For the last few days – since Thanksgiving Day actually – I’ve been “replaying” some of my Thanksgiving-based posts from the last few years. This is from a post called “Grace to More People = More Thanksgiving to God” which I originally published 2 years ago. This post examines the connection between grace and thanksgiving – a connection that Paul makes in his second letter to the Christians in Corinth.
On this Thanksgiving Day (actually, for the last few days), I’ve been thinking about and writing about thanksgiving, gratefulness, giving thanks, etc. For this Thanksgiving Day post, I want to return to Paul second letter to the Corinthians. (Well, it may have been his third or fourth letter, but it’s the second letter that still exists, so we call it 2 Corinthians.)
In 2 Corinthians 4, Paul writes about the hardships that he has faced while traveling around the Roman Empire proclaiming the good news of Jesus Christ. But, several times, Paul tells his readers that he does not lose heart and that they should not lose heart.
At one point, Paul makes the following statement:
For it is all for your sake, so that as grace extends to more and more people it may increase thanksgiving, to the glory of God. (2 Corinthians 4:15 ESV)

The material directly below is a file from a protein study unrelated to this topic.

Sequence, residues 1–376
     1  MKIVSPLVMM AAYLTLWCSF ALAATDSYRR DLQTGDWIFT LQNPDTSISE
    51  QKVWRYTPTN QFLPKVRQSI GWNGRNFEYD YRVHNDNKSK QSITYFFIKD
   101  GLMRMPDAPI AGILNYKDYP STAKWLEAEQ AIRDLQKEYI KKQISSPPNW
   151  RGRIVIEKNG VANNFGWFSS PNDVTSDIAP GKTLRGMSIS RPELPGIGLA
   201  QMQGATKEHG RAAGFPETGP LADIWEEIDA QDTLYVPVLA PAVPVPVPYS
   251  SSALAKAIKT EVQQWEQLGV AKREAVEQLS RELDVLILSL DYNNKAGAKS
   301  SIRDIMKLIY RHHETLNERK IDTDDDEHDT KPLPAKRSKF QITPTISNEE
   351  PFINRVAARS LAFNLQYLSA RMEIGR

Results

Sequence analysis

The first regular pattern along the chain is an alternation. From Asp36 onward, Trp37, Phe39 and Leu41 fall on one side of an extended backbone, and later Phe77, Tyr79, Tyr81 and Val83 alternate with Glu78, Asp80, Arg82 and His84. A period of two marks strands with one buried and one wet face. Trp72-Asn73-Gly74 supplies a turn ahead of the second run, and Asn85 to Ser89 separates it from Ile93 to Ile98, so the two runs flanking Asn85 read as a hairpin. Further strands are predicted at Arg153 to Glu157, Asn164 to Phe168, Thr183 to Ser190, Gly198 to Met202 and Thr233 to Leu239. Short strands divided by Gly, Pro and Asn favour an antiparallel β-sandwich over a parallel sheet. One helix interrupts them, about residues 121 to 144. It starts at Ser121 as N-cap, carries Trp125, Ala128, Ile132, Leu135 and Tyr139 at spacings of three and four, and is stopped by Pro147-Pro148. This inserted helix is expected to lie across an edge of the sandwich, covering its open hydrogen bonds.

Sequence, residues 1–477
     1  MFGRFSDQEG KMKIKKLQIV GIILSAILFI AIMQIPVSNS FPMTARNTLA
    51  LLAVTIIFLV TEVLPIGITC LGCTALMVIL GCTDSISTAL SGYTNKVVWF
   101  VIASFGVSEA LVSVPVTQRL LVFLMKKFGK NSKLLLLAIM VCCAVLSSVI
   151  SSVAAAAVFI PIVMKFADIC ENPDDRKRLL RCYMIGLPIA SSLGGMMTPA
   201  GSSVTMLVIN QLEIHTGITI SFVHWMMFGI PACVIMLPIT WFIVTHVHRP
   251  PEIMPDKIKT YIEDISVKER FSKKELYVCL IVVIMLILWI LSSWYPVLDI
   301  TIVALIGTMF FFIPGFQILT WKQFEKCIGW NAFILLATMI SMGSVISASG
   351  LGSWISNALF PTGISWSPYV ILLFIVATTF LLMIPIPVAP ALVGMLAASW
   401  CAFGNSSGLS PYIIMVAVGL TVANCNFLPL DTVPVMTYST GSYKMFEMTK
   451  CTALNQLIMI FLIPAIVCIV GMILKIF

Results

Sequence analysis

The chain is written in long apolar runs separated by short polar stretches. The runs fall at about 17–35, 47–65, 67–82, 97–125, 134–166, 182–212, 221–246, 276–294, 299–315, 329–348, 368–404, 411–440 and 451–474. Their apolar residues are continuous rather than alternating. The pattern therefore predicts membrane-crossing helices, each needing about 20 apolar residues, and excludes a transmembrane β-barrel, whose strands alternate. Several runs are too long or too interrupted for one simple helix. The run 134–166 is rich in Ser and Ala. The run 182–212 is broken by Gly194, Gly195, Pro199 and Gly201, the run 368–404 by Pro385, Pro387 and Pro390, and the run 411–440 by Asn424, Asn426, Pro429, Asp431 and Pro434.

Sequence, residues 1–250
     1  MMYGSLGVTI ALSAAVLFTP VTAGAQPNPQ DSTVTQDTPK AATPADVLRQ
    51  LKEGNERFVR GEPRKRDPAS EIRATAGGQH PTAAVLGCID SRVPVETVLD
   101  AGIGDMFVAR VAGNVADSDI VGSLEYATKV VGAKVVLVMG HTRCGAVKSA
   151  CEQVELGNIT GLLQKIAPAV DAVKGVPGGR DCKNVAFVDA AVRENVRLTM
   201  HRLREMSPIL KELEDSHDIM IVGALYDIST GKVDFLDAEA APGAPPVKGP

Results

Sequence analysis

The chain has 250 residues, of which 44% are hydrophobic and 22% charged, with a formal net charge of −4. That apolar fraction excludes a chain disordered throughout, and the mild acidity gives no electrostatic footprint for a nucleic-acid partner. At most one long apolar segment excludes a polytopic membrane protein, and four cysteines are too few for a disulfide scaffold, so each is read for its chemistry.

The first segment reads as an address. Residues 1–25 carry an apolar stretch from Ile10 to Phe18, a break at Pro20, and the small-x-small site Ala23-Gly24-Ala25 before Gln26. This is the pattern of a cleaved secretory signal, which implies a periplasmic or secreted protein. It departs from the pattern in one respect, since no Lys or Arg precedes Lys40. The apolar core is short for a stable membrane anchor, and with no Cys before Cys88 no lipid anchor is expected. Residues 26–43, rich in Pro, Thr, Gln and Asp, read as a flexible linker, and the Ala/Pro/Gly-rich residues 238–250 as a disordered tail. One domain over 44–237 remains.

“As grace extends to more and more people” is a reference to the goal of Paul’s apostolic work. He travels from city to city and from region to region and proclaims the good news of Jesus Christ so that the grace of God might be extended to more and more people.
There are many great things that happen as God’s grace is extended to more and more people. For instance, those people become God’s children. They are indwelled by the Holy Spirit. They become members of one another and members of Jesus Christ. They are justified.
But, notice Paul’s focus in this particular passage. As God’s grace is extended to more and more people, the amount of thanks being offered to God increases, and this brings glory to God.
When Paul thinks of thanking God, he thinks of those people who God has brought into his life (like the believers in Corinth – see 1 Corinthians 1:4). However, thinking about the many people who were continuously being included in God’s family because of the ever increasing reaches of God grace also caused Paul to thank God.
We all have many, many reasons to be grateful to God. Most of us can thank God for our families, our health, for food, for clothing, for shelter. We can thank God for other believers and friends and family. We can thank God for his work in our life and in the lives of the church.
But, let’s never stop thanking God (and encouraging others to thank God) that his grace is being extended to more and more people!